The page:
These will ensure that the files in a system-wide installation will not take precedence over the copy of the standard library bundled with your application. Otherwise, your users may experience problems using your application. Note that the first suggestion is the best, as the others may still be susceptible to non-standard paths in the registry and user site-packages.
Adds ._pth file support and removes applocal option from pyvenv.cfg .
Adds pythonXX.zip as a potential landmark when directly adjacent to the executable.
Deprecated since version 3.6:
Modules specified in the registry under Modules (not PythonPath ) may be imported by importlib.machinery.WindowsRegistryFinder . This finder is enabled on Windows in 3.6.0 and earlier, but may need to be explicitly added to sys.meta_path in the future.
4.10. Additional modules¶
Even though Python aims to be portable among all platforms, there are features that are unique to Windows. A couple of modules, both in the standard library and external, and snippets exist to use these features.
The Windows-specific standard modules are documented in MS Windows Specific Services .
The PyWin32 module by Mark Hammond is a collection of modules for advanced Windows-specific support. This includes utilities for:
Win32 API calls
PythonWin is a sample MFC application shipped with PyWin32. It is an embeddable IDE with a built-in debugger.
by David and Paul Boddie
cx_Freeze is a distutils extension (see Extending Distutils ) which wraps Python scripts into executable Windows programs ( * .exe files). When you have done this, you can distribute your application without requiring your users to install Python.
4.11. Compiling Python on Windows¶
If you want to compile CPython yourself, first thing you should do is get the source. You can download either the latest release’s source or just grab a fresh checkout.
The source tree contains a build solution and project files for Microsoft Visual Studio, which is the compiler used to build the official Python releases. These files are in the PCbuild directory.
Check PCbuild/readme.txt for general information on the build process.
4.12. Other Platforms¶
With ongoing development of Python, some platforms that used to be supported earlier are no longer supported (due to the lack of users or developers). Check PEP 11 for details on all unsupported platforms.
Windows CE is no longer supported since Python 3 (if it ever was).
The Cygwin installer offers to install the Python interpreter as well
See Python for Windows for detailed information about platforms with pre-compiled installers.
Adding Python to PATH on Windows
I’ve been trying to add the Python path to the command line on Windows, yet no matter the method I try, nothing seems to work. I’ve used the set command, I’ve tried adding it through the Edit Environment Variables prompt, etc.
Furthermore, if I run the set command on the command line it lists this.
Yet it still doesn’t recognize the Python command.
Reading the documentation, and various other sources haven’t seemed to help.
Just to clarify further, I’ve appended the path of the Python executable to PATH in the Edit Environment prompt. Doesn’t seem to work.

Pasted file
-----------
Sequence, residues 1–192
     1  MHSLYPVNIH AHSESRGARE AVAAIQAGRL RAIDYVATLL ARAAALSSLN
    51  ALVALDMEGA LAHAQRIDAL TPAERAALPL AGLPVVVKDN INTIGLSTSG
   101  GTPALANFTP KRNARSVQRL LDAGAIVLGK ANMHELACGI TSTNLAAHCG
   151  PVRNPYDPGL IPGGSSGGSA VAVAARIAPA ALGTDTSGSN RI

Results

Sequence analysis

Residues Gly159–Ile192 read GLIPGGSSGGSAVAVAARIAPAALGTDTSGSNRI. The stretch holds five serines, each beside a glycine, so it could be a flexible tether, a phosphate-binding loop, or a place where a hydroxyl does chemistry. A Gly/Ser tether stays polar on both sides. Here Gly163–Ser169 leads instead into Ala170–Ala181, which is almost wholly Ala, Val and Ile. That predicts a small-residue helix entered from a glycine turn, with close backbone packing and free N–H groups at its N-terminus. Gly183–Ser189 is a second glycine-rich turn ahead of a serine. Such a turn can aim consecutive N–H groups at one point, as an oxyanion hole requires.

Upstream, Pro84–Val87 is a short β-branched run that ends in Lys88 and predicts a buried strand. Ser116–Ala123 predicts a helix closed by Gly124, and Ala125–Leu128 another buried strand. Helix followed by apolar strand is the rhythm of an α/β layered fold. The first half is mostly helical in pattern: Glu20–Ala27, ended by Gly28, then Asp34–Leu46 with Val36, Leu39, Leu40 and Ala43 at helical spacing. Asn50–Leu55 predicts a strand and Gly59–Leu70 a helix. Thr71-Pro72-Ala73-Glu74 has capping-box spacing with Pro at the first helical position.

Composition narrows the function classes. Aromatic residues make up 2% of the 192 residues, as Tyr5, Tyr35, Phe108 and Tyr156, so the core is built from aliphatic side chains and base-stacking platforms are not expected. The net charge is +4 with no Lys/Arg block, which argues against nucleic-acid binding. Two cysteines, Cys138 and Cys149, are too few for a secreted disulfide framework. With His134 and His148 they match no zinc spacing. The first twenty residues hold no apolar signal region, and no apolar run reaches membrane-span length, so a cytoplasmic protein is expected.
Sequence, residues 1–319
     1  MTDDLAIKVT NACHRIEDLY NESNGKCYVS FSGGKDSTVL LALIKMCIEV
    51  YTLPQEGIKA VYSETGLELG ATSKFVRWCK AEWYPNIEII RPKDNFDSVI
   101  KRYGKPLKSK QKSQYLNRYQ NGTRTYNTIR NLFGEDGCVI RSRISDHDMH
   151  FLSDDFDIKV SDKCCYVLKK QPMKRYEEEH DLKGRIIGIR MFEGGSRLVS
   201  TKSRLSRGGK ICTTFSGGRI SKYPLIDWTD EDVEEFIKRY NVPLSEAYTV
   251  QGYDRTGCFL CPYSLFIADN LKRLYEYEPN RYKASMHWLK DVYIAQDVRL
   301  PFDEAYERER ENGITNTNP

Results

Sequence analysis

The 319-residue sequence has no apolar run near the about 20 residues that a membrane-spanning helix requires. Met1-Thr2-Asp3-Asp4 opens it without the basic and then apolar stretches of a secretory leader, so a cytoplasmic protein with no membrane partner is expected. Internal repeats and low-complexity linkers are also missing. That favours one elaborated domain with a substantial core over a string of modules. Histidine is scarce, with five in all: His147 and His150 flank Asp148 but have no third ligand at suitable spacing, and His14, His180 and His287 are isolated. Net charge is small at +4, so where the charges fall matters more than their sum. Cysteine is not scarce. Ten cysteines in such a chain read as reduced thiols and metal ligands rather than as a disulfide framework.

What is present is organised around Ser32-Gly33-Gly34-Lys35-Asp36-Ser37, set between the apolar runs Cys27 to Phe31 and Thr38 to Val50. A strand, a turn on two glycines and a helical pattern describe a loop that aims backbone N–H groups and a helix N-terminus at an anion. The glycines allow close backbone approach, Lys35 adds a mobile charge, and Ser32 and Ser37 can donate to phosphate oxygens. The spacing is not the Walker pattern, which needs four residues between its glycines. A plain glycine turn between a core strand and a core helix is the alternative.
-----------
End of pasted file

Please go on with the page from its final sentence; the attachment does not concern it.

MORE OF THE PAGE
22 Answers 22
- Hold Win and press Pause .
- Click Advanced System Settings.
- Click Environment Variables.
- Append ;C:\python27 to the Path variable.
- Restart Command Prompt.
When setting Environmental Variables in Windows, I have gone wrong on many, many occasions. I thought I should share a few of my past mistakes here hoping that it might help someone. (These apply to all Environmental Variables, not just when setting Python Path)
Watch out for these possible mistakes:
- Kill and reopen your shell window: Once you make a change to the ENVIRONMENTAL Variables, you have to restart the window you are testing it on.
- NO SPACES when setting the Variables. Make sure that you are adding the ;C:\Python27 WITHOUT any spaces. (It is common to try C:\SomeOther; C:\Python27 That space (␣) after the semicolon is not okay.)
- USE A BACKWARD SLASH when spelling out your full path. You will see forward slashes when you try echo $PATH but only backward slashes have worked for me.
- DO NOT ADD a final backslash. Only C:\Python27 NOT C:\Python27\
Hope this helps someone.
Open cmd.exe with administrator privileges (right click on app). Then type:
Remember to end with a semi-colon and don’t include a trailing slash.
I’ve had a problem with this for a LONG time. I added it to my path in every way I could think of but here’s what finally worked for me:
- Right click on «My computer»
- Click «Properties»
- Click «Advanced system settings» in the side panel
- Click «Environment Variables»
- Click the «New» below system variables
- in name enter pythonexe (or anything you want)
- in value enter the path to your python (example: C:\Python32\ )
- Now edit the Path variable (in the system part) and add %pythonexe%; to the end of what’s already there
IDK why this works but it did for me.
then try typing «python» into your command line and it should work!
Lately I’ve been using this program which seems to work pretty well. There’s also this one which looks pretty good too, although I’ve never tried it.
Try adding this python.bat file to System32 folder and the command line will now run python when you type in python